New roads pave way to improved livelihoods in rural Lao PDR

26 May 2011

image Timchai and villagers from Hor Kong head to the market on their new road. (Photo: UNDP Lao PDR/Philippe Pernet)

These days, Timchai, a farmer in the southern Lao province of Saravane, can make it to the market to sell her produce whatever the weather, thanks to a new village road built as part of an initiative supported by the United Nations Development Programme (UNDP).

In the past, during the five-month long rainy season,Timchai would often lose money when the track connecting her village to the main road was impassable and her produce would rot before she reached the market.

“With this road I can bring more of my coconuts, watermelons and pumpkins to market,” says 37-year old Timchai who lives in Hor Kongvillage. “Since the road was built I’ve got more income and bought books andschool uniforms for my children.”

Hor Kong’s new road is a result of a funding and developmenteffort that gives planning and spending power to districts, helping them carryout small scale infrastructure projects - such as roads and school constructionand water supply improvements - based on consultations with residents.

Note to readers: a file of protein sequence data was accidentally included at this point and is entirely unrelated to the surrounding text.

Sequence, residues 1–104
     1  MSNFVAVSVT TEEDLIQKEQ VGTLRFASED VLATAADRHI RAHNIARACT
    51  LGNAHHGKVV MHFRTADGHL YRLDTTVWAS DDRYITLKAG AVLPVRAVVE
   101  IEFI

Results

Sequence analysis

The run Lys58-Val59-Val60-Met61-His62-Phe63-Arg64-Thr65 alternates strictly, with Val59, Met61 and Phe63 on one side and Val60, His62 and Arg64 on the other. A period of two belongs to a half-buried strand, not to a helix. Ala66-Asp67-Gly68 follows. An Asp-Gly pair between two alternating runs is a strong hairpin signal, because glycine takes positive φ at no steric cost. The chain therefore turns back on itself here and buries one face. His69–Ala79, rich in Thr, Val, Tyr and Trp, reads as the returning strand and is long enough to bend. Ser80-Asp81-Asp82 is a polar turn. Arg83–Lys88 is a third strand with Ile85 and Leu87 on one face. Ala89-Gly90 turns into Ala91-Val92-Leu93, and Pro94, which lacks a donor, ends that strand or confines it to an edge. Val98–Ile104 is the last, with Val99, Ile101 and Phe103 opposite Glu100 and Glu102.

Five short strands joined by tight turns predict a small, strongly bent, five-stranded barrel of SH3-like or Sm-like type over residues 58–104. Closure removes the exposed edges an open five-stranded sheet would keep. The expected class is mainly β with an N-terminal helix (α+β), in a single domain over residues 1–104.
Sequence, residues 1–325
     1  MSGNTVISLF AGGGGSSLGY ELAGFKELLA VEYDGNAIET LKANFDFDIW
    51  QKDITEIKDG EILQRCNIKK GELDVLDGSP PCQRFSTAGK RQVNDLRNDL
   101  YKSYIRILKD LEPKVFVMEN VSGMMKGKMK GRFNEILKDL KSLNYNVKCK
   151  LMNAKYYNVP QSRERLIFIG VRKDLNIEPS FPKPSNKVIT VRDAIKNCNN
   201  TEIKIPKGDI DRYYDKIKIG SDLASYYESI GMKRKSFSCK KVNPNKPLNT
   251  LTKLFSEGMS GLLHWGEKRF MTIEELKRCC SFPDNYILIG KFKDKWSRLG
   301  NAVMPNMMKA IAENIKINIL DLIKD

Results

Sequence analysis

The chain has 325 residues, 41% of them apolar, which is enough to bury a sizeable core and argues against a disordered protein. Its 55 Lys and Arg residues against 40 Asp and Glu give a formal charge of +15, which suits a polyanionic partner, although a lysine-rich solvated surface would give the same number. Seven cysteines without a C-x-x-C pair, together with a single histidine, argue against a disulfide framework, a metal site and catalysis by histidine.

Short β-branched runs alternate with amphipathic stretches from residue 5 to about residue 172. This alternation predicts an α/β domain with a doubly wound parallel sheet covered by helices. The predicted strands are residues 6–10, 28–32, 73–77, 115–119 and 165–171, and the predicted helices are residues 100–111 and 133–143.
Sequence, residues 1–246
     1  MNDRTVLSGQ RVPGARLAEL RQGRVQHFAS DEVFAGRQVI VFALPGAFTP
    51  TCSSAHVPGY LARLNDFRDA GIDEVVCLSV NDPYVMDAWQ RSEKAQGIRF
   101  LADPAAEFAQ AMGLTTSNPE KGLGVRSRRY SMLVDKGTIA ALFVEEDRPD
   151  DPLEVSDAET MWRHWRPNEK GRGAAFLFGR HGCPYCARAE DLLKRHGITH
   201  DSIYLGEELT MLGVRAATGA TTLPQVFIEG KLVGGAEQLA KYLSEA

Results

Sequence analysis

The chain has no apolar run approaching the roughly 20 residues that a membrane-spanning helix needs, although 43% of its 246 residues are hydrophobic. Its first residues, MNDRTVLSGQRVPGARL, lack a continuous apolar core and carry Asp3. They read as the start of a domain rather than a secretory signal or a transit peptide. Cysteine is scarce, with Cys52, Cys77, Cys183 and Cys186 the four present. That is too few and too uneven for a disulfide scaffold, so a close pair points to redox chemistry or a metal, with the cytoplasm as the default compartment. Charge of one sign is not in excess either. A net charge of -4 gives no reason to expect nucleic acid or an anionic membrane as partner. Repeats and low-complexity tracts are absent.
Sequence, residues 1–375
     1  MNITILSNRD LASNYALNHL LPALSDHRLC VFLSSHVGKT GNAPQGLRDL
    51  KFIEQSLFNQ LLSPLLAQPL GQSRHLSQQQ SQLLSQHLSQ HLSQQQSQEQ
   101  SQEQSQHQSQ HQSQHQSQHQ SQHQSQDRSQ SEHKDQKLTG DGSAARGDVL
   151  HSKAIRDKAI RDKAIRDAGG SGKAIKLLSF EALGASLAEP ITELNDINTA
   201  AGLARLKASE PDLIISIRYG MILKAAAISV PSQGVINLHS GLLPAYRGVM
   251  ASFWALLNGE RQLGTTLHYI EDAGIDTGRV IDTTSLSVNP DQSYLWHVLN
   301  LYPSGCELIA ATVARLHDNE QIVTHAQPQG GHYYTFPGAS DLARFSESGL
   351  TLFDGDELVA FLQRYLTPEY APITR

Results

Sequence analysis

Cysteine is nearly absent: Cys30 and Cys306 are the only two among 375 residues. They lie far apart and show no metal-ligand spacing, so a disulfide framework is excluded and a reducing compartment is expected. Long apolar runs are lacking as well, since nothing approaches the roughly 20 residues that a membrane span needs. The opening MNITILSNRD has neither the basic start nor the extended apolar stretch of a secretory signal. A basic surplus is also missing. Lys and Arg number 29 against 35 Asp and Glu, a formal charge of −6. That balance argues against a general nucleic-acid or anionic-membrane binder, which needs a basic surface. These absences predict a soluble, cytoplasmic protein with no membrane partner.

The 70 percent of the country’s population living in ruralareas can also use the new roads to reach government services such as thenetwork of 11 ‘One Door’ centres where individuals can complete formalities forbirth and marriage certificates, vehicle registration, business licenses, andland titles.

“The easily accessible services have encouraged businessgrowth and entrepreneurial activities here,” says Bounsi Saypaserth, head ofthe One Door centre in nearby Sekong town, explaining that the documentationavailable at the one stop shops help local residents qualify for bank loans,which they can use to start their own business. 

The District Development Fund that enabled the Hor Kongroad-building and the One Door centres are part of a four-year joint programmeon Governance and Public Administration Reform supported by UNDP, the EuropeanUnion and the UN Capital Development Fund.

Since 2006 the Fund has invested in some 286 projects withan average cost of US$14,000 per project.